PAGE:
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U.S. Embassy In South Korea Removes Its Black Lives Matter Banner

Updated at 5:49 p.m. ET

Amid the uproar over policing and racism in America, the U.S. Embassy in Seoul, South Korea, hung a large banner on Saturday that said, "Black Lives Matter" on the front of the mission. Two days later, it has taken the banner down.

The embassy tweeted a photo of the banner on Saturday, along with this message in both English and Korean: "The U.S. Embassy stands in solidarity with fellow Americans grieving and peacefully protesting to demand positive change. Our #BlackLivesMatter banner shows our support for the fight against racial injustice and police brutality as we strive to be a more inclusive & just society."

The U.S. ambassador to South Korea, Harry Harris, retweeted the photo, along with these words: "I believe in what President JFK said on June 10, 1963 at American University: 'If we cannot now end our differences, at least we can help make the world safe for diversity.' USA is a free & diverse nation...from that diversity we gain our strength."

Bloombergand Reutersreport that the banner was taken down after President Trump expressed displeasure with it.

According to CNN, the embassy received the removal request from the part of the State Department that's home to Secretary of State Mike Pompeo's offices. The request "cited as its reason the fact that Black Lives Matter is a non-profit organization and that the US government does not encourage contributions to the group or promote any specific organization," per CNN's source.

An embassy spokesman told NPR that the ambassador's intent was to communicate "a message of solidarity with Americans concerned with racism, especially racial violence against African Americans."

"However, the Ambassador's intent was not to support or encourage donations to any specific organization. To avoid the misperception that American taxpayer dollars were spent to benefit such organizations, he directed that the banner be removed. This in no way lessens the principles and ideals expressed by raising the banner, and the Embassy will look for other ways to convey fundamental American values in these times of difficulty at home," according to the embassy statement.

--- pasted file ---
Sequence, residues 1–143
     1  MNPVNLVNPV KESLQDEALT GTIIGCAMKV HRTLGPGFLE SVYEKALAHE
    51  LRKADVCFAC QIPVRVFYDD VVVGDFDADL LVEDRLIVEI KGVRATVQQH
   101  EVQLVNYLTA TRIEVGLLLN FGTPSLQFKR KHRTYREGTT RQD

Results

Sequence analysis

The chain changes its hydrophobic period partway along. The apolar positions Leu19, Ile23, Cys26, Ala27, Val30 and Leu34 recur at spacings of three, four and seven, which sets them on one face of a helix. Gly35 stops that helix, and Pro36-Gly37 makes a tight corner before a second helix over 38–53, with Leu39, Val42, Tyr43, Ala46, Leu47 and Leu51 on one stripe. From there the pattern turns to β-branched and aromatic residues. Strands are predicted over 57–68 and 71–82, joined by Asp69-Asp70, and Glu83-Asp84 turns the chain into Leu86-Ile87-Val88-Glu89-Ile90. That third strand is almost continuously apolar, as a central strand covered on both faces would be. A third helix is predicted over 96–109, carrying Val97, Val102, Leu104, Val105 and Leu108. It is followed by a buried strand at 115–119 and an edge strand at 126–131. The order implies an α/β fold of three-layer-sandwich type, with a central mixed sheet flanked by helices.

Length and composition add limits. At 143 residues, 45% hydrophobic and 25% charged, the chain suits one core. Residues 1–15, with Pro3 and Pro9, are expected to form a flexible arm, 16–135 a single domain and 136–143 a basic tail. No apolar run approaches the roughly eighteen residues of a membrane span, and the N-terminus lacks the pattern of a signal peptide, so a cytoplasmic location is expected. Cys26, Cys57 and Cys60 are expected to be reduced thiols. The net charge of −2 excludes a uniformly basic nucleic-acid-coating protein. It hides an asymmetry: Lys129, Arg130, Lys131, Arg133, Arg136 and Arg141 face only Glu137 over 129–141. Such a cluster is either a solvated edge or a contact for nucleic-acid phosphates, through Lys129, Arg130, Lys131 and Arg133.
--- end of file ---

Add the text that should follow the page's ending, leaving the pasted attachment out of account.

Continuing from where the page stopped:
On June 4, Harris posted a photo of protesters in front of the embassy who were holding signs that read: "US Imperialism Means 'I Can't Breathe!' "

Harris said he disagreed with the protesters but respected their right to peacefully protest. At the same time, he posted a longer statement in support of peaceful protests against racism, bigotry and hatred.

"I hurt to see our Nation going through such difficult times," he wrote. "As an Asian American who was reared in the segregated South of the 1960s, I never thought I would see this happening again, especially in the 21st Century. But I believe in America and her people. I know what makes our country strong. I believe that diversity is a strength, not a weakness."

Before his appointment to ambassador, Harris commanded the U.S. Pacific Command from 2015 to 2018. Harris is the first Asian American to hold four-star rank in the U.S. Navy and the first to head the U.S. Pacific Command. His father served in the U.S. Navy and was stationed in Korea and Japan after World War II. His mother was Japanese.

Visible in the photo of the Seoul protest is a rainbow flag for LGBTQ pride hanging from the embassy, similar to the manner in which the Black Lives Matter sign was displayed. The embassy told CNN that the pride flag has also been taken down.

Last year, diplomats at many U.S. embassies said that their requests to fly rainbow flags were denied. The Obama administration's policy allowed embassies to fly rainbow flags so long as they were smaller than the American flag and flew beneath it, The Washington Post reported.

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Laurel Wamsley is a reporter for NPR's News Desk. She reports breaking news for NPR's digital coverage, newscasts, and news magazines, as well as occasional features. She was also the lead reporter for NPR's coverage of the 2019 Women's World Cup in France.
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